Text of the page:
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Killed-Off Corals Hold Clues to Earthquake Prediction

earthquakes, coral reefs, coral atol
Before (top) and after (bottom) photos of Nias Island off the west coast of Sumatra in Indonesia. The island was uplifted more than 8 feet (2.5 meters) during at 2005 earthquake. (Image credit: Kerry Sieh.)

SAN FRANCISCO — Some of the biggest coral die-offs in recorded history happened in 2004 and 2005, after massive earthquakes in Sumatra, off the coast of Indonesia.

Now, researchers report similar evidence of ancient massive coral kills on Simeulue Island, caused by ancient earthquakes. An analysis of the fossil coral beds provides clues to the history of megaearthquakes in the region, and could help predict future quakes, researchers said Monday (Dec. 3) at the annual meeting of the American Geophysical Union.

Simeulue Island lies off the west coast of Sumatra, Indonesia, where the 2004 earthquake stopped and the 2005 shaker began to rip the fault apart. Earthquakes of this size may break a fault for hundreds of miles, but they do have a starting and stopping point.

The 2005 magnitude-8.7 earthquake lifted the southern end of Simeulue Island more than 5 feet (1.5 meters), killing the exposed parts of the large, circular coral "microatolls," which resemble cinnamon buns. [The 10 Biggest Earthquakes in History]

"Simeulue Saddle"

But the northern part of the island remained stationary during the 2005 earthquake, said Aron Meltzner, a research fellow at the Earth Observatory Institute of Singapore. The reverse holds true for 2004's megaquake, the giant magnitude-9.1 that hit on Dec. 26. That quake stopped just midway through Simeulue Island.

"The two halves of Simeulue have strikingly different histories. The two halves don't talk to each other," Meltzner said.

Meltzner found a similar dichotomy stretching as far back as 1394 — none of the major uplifts in northern Simeulue extended into the south. And two big earthquakes in the south stopped midway through the island, before reaching the northern end.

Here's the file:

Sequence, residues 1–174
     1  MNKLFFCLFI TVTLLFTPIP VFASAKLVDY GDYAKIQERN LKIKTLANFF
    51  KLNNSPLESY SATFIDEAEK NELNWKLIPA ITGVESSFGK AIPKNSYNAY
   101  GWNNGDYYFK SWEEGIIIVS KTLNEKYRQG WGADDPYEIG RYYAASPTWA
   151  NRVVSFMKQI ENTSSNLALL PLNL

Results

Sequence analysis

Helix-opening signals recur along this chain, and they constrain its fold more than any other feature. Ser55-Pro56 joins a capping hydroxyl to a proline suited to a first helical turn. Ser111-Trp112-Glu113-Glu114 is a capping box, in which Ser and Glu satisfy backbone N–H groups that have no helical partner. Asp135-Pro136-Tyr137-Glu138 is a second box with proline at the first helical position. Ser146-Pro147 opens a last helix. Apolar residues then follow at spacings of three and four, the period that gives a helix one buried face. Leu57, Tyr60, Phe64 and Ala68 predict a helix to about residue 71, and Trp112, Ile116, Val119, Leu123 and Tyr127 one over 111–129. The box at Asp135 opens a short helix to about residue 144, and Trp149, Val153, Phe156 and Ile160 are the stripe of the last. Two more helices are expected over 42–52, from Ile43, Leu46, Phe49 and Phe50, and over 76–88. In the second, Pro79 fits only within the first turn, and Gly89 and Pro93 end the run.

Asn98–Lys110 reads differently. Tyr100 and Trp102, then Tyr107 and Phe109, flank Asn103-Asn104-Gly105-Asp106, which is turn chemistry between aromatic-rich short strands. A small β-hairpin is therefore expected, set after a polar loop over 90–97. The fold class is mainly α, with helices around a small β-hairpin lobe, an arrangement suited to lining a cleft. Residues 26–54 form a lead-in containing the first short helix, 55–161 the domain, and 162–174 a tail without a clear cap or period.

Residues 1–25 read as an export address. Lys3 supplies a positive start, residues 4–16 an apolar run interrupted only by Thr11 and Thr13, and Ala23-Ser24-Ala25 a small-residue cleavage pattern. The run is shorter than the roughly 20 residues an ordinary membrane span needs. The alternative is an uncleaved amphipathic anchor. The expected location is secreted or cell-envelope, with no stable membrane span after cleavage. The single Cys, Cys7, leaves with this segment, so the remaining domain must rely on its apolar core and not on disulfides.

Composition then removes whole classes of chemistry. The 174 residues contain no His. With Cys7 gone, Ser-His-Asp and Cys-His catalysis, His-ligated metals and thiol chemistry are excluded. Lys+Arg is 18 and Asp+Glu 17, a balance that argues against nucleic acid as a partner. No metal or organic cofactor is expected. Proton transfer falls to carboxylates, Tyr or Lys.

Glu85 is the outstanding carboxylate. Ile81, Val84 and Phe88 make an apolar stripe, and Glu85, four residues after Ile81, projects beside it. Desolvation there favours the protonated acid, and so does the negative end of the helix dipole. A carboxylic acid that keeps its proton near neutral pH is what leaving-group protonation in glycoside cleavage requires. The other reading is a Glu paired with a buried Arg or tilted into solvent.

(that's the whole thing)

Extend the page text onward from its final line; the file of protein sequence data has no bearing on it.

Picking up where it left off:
Coral microatoll. Studying coral can reveal the history of earthquakes in Sumatra. (Image credit: Aron Meltzer.)

Deadly subduction zone

Sumatra experiences frequent earthquakes because it is the meeting point of two of Earth's tectonic plates. Underneath Indonesia, one plate is sliding beneath another, forming what's called a subduction zone. The plates don't slide smoothly past one another. They get stuck, and energy builds up until they finally slip past one another, releasing the stored energy as an earthquake.

The coral remains not only record past earthquakes on the subduction zone, they reveal clues as to how energy builds up between earthquakes, a phenomenon called interseismic subsidence.

The coral growing along Sumatra's island coastlines tends to grow outward, not upward, when sea levels fall. The growth pattern recorded in their fossilized remains resembles tree rings, and reveals their age and clues to past trauma, such as sudden shifts in sea level from earthquake uplift.

At Nias Island, south of Simeulue, fossil coral shows the land bends down, or subsides, between earthquakes, storing up energy like a spring. The island pops up again after a large earthquake, such as the one in 2005, Meltzner said.

Predicting earthquake size

"For the 2005 patch of the fault, we know earthquakes smaller than 2005 may occur, but we're starting to believe that the largest earthquakes on the Nias–Southern Simeulue patch of the fault are similar to the earthquake in 2005," he told OurAmazingPlanet.

Finding a predictable rupture length, and figuring out how much ground was displaced, is a step toward predicting the size of future earthquakes, Meltzner said. "If we can show that a particular portion of a fault behaves consistently in terms of rupture extent and amount of displacement, then we can anticipate that future earthquakes will be similar to past earthquakes," he said.

But north of the Simeulue midpoint, where the deadly 2004 quake struck, the pattern is not at all consistent, he said. "I think there are some processes here that we don't understand, and the corals are beginning to hint at that," Meltzner said, something future study will have to elucidate.

This story was provided by OurAmazingPlanet, a sister site to LiveScience. Reach Becky Oskin at boskin@techmedianetwork.com. Follow her on Twitter @beckyoskin. Follow OurAmazingPlanet on Twitter@OAPlanet. We're also on Facebook and Google+.

Becky Oskin
Contributing Writer
Becky Oskin covers Earth science, climate change and space, as well as general science topics. Becky was a science reporter at Live Science and The Pasadena Star-News; she has freelanced for New Scientist and the American Institute of Physics. She earned a master's degree in geology from Caltech, a bachelor's degree from Washington State University, and a graduate certificate in science writing from the University of California, Santa Cruz.